Chocked with vitamins, beta-carotenes, starch and flavor, squash is the guardian angel of fall. In its many incarnations, it can be eaten for breakfast, lunch and dinner; and, of course, dessert. Yes, dessert! Remember, pumpkin pie isn’t just for pumpkins…it’s for all the winter squashes, and each type lends a signature twist to the pie. Back in the day, my friends and I had a pumpkin/squash pie business. This gave me the opportunity to prove, scientifically, that one can live for weeks on squash pie alone, three meals a day plus dessert.
The experience inspired me to verse. I’ll call this “Ode to Squash”: Squash, squash, you ripen in the season of the dying plants. Thanks for reminding me how dirty my Carhartts are. I think of you and wash my pants.
Squash. Why is it that so many people are cornered by the stale advice that it’s best cooked by cutting it in half and baking face-down on an oiled cookie sheet until soft? Yes, you can cook squash this way. And yes, it’s really easy. But unless your goal is to scoop out and eat spoonfuls from a baked squash half, the next step becomes: “What do you dress it with to make it more interesting?” Unfortunately, most people resort to butter, or soy sauce or maple syrup (as if squash isn’t sweet enough). Nothing is wrong with that, from time to time, but I have a hunch that our cultural habit of cooking squash this way is responsible for the widespread conviction that squash is boring. Maybe this also has something to do with the fact that the most popular squashes—acorn, butternut and spaghetti squash—are in my opinion the most boring varieties there are.
Baking squash like this is a good first step to more complex recipes, like ravioli with squash stuffing, or squash pie. But if you have no such intentions, here is my favorite way of cooking squash. First, cut open the squash and scoop out the seeds with a spoon. Then place the squash, cut side down, on the cutting board, and cut off the hard peel with a sturdy knife. Cut the squash flesh into small cubes, put them in a pot with a few inches of boiling water and cover with a tight-fitting lid.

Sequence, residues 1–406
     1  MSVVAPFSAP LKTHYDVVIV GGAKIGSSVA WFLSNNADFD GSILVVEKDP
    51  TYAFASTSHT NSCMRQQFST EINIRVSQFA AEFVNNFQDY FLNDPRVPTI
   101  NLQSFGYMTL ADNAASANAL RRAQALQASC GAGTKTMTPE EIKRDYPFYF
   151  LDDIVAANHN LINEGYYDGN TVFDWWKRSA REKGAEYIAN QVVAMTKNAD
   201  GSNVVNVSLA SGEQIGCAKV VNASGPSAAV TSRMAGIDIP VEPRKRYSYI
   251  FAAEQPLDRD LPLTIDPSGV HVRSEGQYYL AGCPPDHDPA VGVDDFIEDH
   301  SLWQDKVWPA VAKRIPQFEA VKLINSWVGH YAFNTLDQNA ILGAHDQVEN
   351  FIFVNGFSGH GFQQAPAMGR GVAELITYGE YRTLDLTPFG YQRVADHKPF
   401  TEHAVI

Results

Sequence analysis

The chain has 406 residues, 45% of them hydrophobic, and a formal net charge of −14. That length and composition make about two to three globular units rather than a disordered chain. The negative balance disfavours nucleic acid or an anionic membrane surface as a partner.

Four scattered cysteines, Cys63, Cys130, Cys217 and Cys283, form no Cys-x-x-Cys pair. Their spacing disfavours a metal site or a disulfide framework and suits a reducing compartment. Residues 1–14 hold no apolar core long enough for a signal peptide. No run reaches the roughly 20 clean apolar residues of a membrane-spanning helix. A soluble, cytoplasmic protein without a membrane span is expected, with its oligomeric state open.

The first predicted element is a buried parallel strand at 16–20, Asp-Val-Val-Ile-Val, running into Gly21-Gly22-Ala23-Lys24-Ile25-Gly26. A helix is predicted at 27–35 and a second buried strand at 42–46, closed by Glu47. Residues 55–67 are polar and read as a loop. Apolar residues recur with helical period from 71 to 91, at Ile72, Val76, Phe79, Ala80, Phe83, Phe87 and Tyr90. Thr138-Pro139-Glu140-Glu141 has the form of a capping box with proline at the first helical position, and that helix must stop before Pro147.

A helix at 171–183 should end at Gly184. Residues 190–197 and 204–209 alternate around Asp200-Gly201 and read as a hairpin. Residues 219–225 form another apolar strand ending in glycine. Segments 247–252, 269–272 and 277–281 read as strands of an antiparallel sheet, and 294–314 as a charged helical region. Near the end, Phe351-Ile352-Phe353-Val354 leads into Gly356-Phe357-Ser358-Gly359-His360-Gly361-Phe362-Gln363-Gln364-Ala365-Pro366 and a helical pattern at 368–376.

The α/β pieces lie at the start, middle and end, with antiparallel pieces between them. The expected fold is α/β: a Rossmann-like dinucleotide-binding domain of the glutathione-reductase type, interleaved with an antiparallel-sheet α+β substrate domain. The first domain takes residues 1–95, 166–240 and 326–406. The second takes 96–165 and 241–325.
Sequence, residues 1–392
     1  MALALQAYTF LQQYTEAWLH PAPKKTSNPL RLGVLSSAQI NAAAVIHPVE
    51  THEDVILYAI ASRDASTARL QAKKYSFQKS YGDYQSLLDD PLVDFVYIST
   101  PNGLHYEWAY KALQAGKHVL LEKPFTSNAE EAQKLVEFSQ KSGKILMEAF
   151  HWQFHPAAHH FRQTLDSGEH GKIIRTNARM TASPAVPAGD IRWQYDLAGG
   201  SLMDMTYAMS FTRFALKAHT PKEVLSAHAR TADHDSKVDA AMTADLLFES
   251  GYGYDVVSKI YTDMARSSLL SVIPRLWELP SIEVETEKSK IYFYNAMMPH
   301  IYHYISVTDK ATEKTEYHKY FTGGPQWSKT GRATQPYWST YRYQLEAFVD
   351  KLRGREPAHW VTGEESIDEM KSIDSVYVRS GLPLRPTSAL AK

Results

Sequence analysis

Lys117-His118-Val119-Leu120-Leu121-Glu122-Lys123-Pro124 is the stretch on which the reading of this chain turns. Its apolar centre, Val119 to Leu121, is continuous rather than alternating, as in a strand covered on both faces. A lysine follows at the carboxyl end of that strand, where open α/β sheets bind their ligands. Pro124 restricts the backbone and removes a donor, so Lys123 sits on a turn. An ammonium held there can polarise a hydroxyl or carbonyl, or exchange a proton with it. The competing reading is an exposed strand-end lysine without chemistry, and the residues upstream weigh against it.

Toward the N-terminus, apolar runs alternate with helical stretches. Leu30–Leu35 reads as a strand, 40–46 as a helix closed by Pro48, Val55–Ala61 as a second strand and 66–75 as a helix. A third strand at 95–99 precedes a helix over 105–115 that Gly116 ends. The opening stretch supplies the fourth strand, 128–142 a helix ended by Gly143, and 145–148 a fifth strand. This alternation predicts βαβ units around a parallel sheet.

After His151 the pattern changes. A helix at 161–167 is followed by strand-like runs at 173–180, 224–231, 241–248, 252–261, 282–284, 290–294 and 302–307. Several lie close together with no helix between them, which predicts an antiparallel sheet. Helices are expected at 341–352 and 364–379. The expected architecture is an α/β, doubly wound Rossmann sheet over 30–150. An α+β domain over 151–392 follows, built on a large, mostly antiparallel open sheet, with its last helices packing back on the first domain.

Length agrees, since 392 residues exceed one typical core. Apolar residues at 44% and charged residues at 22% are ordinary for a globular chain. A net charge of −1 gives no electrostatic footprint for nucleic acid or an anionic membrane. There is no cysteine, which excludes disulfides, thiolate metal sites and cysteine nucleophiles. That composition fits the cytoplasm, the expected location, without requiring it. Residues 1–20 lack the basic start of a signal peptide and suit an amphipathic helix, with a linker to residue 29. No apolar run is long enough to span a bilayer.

While the squash is cooking, get some goodies going in a fry pan. Start with oil or butter and/or chopped bacon. Sauté onions, garlic, ginger, peppers…whatever you like. Then, when the squash in the pot is soft, stir in the goodies from the pan and taste. Season with black pepper, salt or soy sauce and cider vinegar. Add water if you want squash soup, or slowly cook it down if you want something thicker. When almost ready to serve, stir in some chunks of a sturdy cheese, like feta.
If that’s too vague and micromanagement is what you want, here’s a nice recipe I adapted from a sweet potato soup served at the Good Food Store. I substituted squash for sweet potato and made a few more adjustments.
Spread one cup shredded coconut on a sheet pan and toast at 350 until golden (about five minutes). Heat one tablespoon canola or grapeseed oil in a pot on medium heat. Sauté one chopped onion until translucent. Add two tablespoons dark mustard seed, one cubic inch of chopped ginger, one tablespoon turmeric, one (or more) chopped hot peppers and one tablespoon curry powder. (I like Bengali-style curry powder the best here). Sauté this mixture, stirring constantly, for about a minute.
Then add a cup of chicken or veggie stock and seven cups squash, peeled and cubed as described above. My favorite squashes for this are blue hubbard, kabocha, buttercup, red curry and sweet meat. Add enough water to just cover the squash. Simmer until tender, then stir in one can coconut milk. Remove from heat and purée the soup, ideally with a submersible blender (aka “the tool”). A whisk works too. Or leave it chunky. Stir in one cup frozen peas and the toasted coconut. Season with salt and cider vinegar.
You’ll never call squash boring again. You might even need to wash your pants.